if res[west, 0] > res[east, 0]:
mirror = True
res[:, 0] *= -1

# apply the transformation to the full track
track = [p.reshape((n, 2)) @ mat_rotate for p in solution]
if mirror == True:
track = [p * np.array([-1, 1]) for p in track]


And now we can plot all cities coordinates with the track of convergence of their respective positions.

We manually set different parameters:

• we trim the image 10% outside the square hull of the cities’ positions;
• we use colormaps to put some sense in this spaghetti soup;
• we manually chose label placements so as to avoid overlaps and improve readability.

Note that this last item could be subject to automatic optimisation.

%matplotlib inline
import matplotlib.pyplot as plt
import matplotlib.cm as cm

fig = plt.figure()
fig.set_size_inches(7, 7)

ax = fig.gca()
ax.set_xticklabels([])
ax.set_yticklabels([])
ax.set_axis_off()

# Trimming the final image

bx = min(res[:, 0]), max(res[:, 0])
dx = bx - bx
ax.set_xlim(bx - .1*dx, bx + .1*dx)

by = min(res[:, 1]), max(res[:, 1])
dy = by - by
ax.set_ylim(by - .1*dy, by + .1*dy)

# label placement: subject to automatic optimization!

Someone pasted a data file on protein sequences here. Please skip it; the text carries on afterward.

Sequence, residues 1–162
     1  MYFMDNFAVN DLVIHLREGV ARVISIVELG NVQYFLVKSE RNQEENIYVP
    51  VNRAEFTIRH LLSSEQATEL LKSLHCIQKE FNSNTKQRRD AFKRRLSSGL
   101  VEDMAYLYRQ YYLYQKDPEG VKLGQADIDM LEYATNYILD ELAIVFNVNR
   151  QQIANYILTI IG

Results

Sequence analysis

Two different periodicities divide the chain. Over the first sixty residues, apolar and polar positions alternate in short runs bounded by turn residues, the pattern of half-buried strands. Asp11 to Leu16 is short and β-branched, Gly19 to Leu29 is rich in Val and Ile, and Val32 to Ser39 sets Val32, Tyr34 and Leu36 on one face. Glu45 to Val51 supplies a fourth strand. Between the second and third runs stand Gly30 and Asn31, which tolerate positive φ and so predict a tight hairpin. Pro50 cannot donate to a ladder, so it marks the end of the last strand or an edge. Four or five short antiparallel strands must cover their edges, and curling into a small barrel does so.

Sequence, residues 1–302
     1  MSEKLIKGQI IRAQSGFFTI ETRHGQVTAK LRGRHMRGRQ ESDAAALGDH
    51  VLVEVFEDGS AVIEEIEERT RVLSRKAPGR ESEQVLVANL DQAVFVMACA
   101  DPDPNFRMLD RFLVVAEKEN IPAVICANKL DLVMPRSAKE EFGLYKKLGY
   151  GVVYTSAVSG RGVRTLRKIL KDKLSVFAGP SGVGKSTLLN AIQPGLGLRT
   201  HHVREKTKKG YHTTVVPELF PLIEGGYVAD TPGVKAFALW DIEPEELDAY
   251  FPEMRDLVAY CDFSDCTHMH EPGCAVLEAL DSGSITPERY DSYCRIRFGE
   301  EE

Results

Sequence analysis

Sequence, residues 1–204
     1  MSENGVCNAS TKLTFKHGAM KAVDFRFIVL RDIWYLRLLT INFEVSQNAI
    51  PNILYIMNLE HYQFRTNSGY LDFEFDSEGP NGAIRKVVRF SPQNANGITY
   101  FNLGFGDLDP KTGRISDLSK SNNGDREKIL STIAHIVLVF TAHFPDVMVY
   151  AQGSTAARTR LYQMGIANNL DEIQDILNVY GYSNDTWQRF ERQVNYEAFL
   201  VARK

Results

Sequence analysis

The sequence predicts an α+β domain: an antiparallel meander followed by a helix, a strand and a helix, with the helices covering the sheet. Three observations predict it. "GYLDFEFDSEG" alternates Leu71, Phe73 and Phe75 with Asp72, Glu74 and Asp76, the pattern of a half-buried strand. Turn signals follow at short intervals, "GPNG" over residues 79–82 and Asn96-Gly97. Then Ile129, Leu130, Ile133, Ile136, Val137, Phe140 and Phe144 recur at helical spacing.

from collections import defaultdict
d = defaultdict(lambda: {'ha': "left", 'va': "bottom"})

for city in ["Barcelona", "Berlin", "Bucarest", "Budapest",
"Istanbul", "Prague", "Reykjavik", "Sofia", ]:
d[city] = {'ha': "left", 'va': "top"}
for city in ["Athens", "London", "Munich",  "Milan",
"Stockholm", ]:
d[city] = {'ha': "right", 'va': "top"}
for city in ["Copenhagen", "Dublin", "Edinburgh", "Gibraltar",
"Paris", "Toulouse", ]:
d[city] = {'ha': "right", 'va': "bottom"}

# automatic colouring
colors = cm.rainbow(np.linspace(0, 1, n))

for i, ((x, y), city, color) in enumerate(zip(res, cities, colors)):
t = np.array([t[i, :] for t in track])
ax.plot(t[:, 0], t[:, 1], color=color, alpha=.2)
ax.scatter(x, y, color=color)
ax.annotate("  " + city + "  ", (x, y), **d[city]) Now that we got it, we can work on our geography skills!